Germany During Ramadan

Find out how the holiest month of the Islamic calendar is observed in Germany.

Berlin Mosque.jpg
Berlin Mosque. Erin Porter

Newcomers to Germany may not realize that there is a significant Muslim population in the country. There are an estimated 4+ million Muslims in Germany, largely due to a massive labor migration in the 1960s and a subsequent political refugee influx since the 1970s. Germany's Turkish population numbers over 3 million people and this group alone has had a significant impact on the country's culture and politics. For example, you can thank Turkish immigrants for the beloved döner kabob

While there are many outstanding issues with integration in Germany, the country is trying to marry its many different cultures under one black, red and gold roof. Tag der Deutschen Einheit (Germany Unity Day) is also Open Mosque Day in an attempt to promote understanding of the different religions and cultures that make up the modern nation of Germany.

The largest Islamic event of the year, Ramadan, is also being celebrated. While observations are not as apparent as in predominately Islamic nations, subtle signs that the blessed month of Ramadan is underway are everywhere.

Observing Ramadan in Germany

The ninth month of the Islamic calendar is a time of fasting, purification of the soul and prayer. Muslims refrain from eating, drinking, smoking, sexual intimacy and negative behaviors like swearing, lying or engaging in anger from Imsak (just before sunrise) until Maghrib (sunset). These practices are to cleanse the spirit and refocus attention on God. People wish each other "Ramadan Kareem" or "Ramadan Mubarak" for a successful, happy and blessed month.

How to Be Respectful to Ramadan Observers in Germany

While observing Muslims in Germany are under strict guidelines for conduct during Ramadan, most people in Germany won't notice many changes in their daily routine.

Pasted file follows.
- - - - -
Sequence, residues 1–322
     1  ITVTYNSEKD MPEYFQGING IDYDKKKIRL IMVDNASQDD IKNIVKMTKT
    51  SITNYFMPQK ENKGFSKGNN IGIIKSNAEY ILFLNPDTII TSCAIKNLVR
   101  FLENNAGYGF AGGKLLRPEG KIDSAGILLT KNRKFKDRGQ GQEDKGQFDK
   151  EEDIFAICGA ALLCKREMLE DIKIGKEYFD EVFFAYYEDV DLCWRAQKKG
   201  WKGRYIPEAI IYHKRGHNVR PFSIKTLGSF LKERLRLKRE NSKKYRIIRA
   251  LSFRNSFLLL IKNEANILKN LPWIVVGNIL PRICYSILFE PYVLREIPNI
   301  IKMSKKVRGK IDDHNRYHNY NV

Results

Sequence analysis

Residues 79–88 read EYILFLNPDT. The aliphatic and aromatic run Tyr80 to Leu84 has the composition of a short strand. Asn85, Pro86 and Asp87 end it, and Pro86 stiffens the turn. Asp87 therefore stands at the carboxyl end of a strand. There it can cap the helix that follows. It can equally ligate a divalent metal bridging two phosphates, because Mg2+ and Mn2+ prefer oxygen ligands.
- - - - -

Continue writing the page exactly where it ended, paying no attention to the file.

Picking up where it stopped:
Because Ramadan is not an official holiday in Germany, work conditions do not usually allow people to participate as they would in Muslim dominant countries. Choosing to observe is an individual decision. Though some Muslim-operated shops and restaurants close or have reduced hours, the vast majority stay open. As the holiday has been in the summer in recent years, this is the perfect time for many Muslim immigrants to return to their home countries and observe the holiday in the traditional manner.

Even if you aren't a practicing Muslim, it is important to be respectful of those who are during this holy time. To be positive, patient and charitable are sentiments everyone should be able to focus on.

  • Celebrate the nightlife - Many establishments stay open late. Note differences in opening hours and engage in after dark activities when normal errands take on a festive air.
  • Be patient - While Germany's temperatures (even in summer) rarely reach boiling temperatures, fasting can be very difficult. Be aware that observers may be a bit slower and more irritable than usual and extend your patience and understanding. 
  • Don't swear - Part of being respectful at any time is to abstain from cursing, obscenities and rude gestures and this is particularly important during Ramadan.
  • Be charitable - Zakat is one of the five pillars of Islam and being charitable is something anyone can respect and engage in.
  • Use the lingo - "Ramadan Kareem" can be said throughout Ramadan. It translates to "Ramadan is generous" and means that you wish the month to be full of blessings and spiritual rewards.